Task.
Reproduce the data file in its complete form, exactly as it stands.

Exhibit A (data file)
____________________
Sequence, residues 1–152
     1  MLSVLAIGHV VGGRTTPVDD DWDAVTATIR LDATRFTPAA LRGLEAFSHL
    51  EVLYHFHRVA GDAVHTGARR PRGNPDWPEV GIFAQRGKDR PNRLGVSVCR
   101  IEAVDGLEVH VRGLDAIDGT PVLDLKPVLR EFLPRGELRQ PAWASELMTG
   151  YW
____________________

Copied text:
Sequence, residues 1–152
     1  MLSVLAIGHV VGGRTTPVDD DWDAVTATIR LDATRFTPAA LRGLEAFSHL
    51  EVLYHFHRVA GDAVHTGARR PRGNPDWPEV GIFAQRGKDR PNRLGVSVCR
   101  IEAVDGLEVH VRGLDAIDGT PVLDLKPVLR EFLPRGELRQ PAWASELMTG
   151  YW